Prince Charles, the heir to the British throne, pitched an idea to Vin + Omi, award-winning pioneers in sustainable fashion, to create a capsule collection made entirely from Nettles—a common weed—growing abundantly in his garden on Highgrove Estate in Gloucestershire.

Last May, the designers spoke with Charles during an event hosted by the British Fashion Council, pictured right, about his concept at a time when the duo was experimenting with using cow parsley to make fabric. 

Vin + Omi, well-known in the fashion industry for dressing Michelle Obama and veteran fashion icons like Kate Moss, went about extracting more than 3000 Nettle plants from Highgrove estate. 

Charles, a long-time champion of environmental causes, including Campaign for Wool which he established to raise public awareness about the benefits and biodegradability of wool, was behind the project 100-percent.  

It’s challenging to love a Nettle. 

Nettles are plants with sharp hairs on their leaves. If you touch them with your bare hands, the hairs inject formic acid into your skin, causing a nasty rash. 

On the positive side, Nettles are low maintenance, can grow to be four-feet tall, flourish wherever the soil is rich in phosphate, and are common throughout Northern Europe. A mature Nettle is incredibly fibrous, finer and silkier than Hemp or Flax, can be spun into thread and accepts dye readily.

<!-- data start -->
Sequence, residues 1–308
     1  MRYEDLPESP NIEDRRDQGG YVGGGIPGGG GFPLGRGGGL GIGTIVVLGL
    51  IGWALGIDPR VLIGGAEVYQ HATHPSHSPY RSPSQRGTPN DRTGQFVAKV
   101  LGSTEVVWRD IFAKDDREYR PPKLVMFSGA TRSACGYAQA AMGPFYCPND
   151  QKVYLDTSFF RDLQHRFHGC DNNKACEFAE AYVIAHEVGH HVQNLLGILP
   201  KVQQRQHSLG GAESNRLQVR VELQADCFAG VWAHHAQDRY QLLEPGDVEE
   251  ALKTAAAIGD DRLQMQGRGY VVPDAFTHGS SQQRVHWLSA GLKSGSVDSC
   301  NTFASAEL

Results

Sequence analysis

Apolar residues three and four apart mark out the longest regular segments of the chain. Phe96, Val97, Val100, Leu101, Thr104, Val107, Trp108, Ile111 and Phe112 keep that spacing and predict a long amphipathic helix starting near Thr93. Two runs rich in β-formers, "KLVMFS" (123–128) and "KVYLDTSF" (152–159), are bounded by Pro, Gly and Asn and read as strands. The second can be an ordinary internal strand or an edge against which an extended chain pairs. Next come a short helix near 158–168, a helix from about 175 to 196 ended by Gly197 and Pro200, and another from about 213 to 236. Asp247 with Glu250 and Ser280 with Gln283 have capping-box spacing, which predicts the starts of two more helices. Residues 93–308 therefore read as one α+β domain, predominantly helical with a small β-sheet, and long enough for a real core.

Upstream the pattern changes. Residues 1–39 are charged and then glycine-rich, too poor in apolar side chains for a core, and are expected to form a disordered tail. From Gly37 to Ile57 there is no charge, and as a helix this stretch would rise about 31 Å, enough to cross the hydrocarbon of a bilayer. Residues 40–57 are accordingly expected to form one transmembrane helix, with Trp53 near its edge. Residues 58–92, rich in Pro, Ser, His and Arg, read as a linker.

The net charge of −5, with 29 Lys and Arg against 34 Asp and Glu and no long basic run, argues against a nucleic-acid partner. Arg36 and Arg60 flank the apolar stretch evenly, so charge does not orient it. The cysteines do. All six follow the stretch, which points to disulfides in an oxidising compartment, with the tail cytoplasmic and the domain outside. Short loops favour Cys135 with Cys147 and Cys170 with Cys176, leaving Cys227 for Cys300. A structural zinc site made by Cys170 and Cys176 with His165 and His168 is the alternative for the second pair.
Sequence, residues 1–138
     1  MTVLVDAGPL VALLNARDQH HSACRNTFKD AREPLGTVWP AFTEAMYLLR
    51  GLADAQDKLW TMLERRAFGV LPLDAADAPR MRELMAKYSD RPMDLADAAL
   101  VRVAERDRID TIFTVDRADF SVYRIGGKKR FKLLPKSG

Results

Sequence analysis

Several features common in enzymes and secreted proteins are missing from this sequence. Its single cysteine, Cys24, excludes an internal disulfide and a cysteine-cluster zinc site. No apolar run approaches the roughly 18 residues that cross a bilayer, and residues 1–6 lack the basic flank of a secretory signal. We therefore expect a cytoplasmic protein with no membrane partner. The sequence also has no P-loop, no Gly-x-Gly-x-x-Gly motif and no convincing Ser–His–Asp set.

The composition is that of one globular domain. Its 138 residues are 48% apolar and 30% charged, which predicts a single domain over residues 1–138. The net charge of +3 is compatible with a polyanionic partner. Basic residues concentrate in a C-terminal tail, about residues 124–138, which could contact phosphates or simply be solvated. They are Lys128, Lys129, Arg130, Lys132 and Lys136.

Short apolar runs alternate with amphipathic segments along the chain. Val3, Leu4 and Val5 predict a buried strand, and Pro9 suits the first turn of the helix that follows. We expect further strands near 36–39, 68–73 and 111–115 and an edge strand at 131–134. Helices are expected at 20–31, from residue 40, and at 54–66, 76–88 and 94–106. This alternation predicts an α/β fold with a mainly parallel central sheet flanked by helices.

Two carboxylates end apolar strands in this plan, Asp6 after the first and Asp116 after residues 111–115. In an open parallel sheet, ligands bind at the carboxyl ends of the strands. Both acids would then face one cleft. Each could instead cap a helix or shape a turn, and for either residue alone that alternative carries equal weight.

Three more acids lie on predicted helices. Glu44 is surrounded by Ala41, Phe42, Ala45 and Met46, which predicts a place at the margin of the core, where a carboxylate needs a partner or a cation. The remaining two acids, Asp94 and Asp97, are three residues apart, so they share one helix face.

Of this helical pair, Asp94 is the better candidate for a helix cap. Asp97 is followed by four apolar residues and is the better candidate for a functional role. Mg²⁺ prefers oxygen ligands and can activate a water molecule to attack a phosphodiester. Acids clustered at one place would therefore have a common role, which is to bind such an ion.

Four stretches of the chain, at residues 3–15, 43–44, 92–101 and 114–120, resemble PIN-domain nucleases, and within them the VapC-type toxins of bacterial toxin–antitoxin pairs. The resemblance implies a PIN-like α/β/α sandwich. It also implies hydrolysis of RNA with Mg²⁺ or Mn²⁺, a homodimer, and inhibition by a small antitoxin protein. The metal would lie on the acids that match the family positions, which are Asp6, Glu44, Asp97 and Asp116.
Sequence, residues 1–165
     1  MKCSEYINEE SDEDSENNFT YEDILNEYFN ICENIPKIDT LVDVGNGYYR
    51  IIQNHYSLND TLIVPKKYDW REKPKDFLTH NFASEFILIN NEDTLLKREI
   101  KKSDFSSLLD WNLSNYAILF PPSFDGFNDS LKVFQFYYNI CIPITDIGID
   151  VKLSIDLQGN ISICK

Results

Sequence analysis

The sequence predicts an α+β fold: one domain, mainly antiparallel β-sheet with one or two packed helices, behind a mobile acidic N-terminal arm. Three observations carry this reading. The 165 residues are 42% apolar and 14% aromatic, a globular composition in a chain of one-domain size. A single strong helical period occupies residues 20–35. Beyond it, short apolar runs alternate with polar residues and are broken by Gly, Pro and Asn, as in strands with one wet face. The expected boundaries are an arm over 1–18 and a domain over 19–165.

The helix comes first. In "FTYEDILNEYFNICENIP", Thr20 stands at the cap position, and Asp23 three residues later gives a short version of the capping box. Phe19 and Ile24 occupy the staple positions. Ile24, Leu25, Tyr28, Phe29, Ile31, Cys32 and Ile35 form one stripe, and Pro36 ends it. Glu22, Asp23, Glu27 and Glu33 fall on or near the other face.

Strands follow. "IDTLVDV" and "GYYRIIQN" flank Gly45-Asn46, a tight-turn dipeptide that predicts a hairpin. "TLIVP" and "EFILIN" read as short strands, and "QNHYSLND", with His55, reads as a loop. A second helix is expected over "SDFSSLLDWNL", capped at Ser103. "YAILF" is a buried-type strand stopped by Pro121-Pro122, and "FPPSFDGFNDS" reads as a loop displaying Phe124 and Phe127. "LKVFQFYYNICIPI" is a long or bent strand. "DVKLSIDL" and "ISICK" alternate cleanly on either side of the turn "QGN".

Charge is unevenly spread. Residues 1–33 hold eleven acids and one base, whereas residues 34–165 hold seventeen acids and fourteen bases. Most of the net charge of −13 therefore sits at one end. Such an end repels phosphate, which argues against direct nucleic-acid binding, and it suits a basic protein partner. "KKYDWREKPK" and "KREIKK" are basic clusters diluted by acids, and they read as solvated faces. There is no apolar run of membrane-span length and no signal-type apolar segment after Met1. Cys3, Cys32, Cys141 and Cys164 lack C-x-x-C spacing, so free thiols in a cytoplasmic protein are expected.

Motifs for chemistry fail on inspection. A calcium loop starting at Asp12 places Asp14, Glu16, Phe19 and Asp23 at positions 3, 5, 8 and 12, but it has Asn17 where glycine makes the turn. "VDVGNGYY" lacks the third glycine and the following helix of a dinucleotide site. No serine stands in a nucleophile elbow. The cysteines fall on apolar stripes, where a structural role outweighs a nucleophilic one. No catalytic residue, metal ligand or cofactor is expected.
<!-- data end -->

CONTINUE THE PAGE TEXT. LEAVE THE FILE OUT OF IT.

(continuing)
Since prehistoric times the fibers from the Nettle plant were used to make sailcloth, fishing nets and clothing. Up until the 19th century, you could find Nettle-based cloth in households throughout Scotland, and from the 12th century until the 17th century, Nettle fiber replaced silk throughout Poland.

“[Today] Nettles are perceived to have no value. Hopefully, that challenges the way we think about fashion. Nettles are everywhere. They are a weed. They are an abundant natural resource in this country. We want to start people thinking about how fashion can work with what the environment has on offer, rather than forcing itself on the environment in harmful ways.” —Omi

On September 17, the last day of London Fashion Week, Vin + Omi will present a capsule collection of 10 pieces at the Savoy Hotel* made entirely of Nettles. 

The technique they developed to turn the plant fiber to cloth, resulted in a fluffy, wool-like material processed entirely from an environmentally friendly saltwater bleach which removed the green from the plant. The fabric, according to Vin + Omi, has a wispy, contemporary texture. And, the jewelry to be worn by the models at the showing will be made entirely from Highgrove Estate plant waste.

 The interest to see the collection has museums from around the world scrambling for a front-row seat and vying to acquire pieces for their permanent collections.

*Next spring, the doormen at The Savoy will wear Vin + Omi uniforms made from fabric created entirely from the hotel’s plastic waste.

Photos courtesy HRH, Vin + Omi, Campaign for Wool